Our awesome kids, having an absolute blast at dinner the night before...


So exciting!!!

Off to the finish...



  1. I'm so proud and happy for you, Sarah. What a wise insight about the race not really being the point. All those miles you fit in along the way, making the time to take care of yourself and be your own person inside the Mom: those are the sundae. But I bet it's nice to have the cherry on top, too. The cherry is bright red so everyone sees it and they know that you're a Mom but you're also a runner. I'll bet Zoe never forgets that Mom's can run races too!

    Here's to being faithful to who we are, even AK (after kids).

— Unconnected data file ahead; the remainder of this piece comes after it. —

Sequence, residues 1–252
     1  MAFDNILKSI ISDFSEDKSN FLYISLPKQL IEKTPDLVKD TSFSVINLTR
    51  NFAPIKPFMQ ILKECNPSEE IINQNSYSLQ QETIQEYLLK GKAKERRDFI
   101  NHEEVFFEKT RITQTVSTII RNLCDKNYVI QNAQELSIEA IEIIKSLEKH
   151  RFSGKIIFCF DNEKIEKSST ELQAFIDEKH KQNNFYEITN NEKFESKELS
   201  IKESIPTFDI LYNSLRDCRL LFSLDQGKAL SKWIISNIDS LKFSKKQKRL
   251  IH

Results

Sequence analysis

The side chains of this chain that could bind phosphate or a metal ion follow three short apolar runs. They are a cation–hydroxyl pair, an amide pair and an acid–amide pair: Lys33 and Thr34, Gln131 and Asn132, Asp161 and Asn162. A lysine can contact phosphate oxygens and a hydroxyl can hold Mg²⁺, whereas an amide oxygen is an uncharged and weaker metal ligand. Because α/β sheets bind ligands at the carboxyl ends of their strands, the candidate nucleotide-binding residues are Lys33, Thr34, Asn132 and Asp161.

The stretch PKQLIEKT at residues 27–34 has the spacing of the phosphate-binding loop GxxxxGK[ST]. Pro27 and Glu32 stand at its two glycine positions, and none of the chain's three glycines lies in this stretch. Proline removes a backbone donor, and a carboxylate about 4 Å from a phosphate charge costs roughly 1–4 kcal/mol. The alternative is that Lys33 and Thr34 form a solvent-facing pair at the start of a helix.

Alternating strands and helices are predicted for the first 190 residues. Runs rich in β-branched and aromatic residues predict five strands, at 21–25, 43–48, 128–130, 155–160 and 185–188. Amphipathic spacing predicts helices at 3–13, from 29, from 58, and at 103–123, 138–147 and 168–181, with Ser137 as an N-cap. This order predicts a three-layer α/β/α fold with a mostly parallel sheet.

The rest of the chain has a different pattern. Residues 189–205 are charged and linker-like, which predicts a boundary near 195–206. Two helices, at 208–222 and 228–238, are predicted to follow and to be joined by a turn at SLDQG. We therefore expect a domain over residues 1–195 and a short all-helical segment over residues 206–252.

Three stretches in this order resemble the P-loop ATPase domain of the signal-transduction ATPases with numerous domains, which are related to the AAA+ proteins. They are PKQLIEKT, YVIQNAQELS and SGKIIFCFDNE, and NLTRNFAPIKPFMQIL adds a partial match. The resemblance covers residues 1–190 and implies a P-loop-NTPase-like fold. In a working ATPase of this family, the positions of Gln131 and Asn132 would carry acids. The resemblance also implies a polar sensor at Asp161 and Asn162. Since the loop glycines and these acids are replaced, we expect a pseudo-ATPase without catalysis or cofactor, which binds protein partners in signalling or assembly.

Love ya!

    1. Oh, Mariah...thanks for being such an amazing friend...can't wait to hear about your journey! XOXO

  2. Love this post! Having previously been a big runner and now having had a baby, i can totally relate! Thanks for sharing!

    1. You're welcome, Laura! Hope you are able to fit in what you strive to fit in too--it's tricky, so even more rewarding when you can put the puzzle together!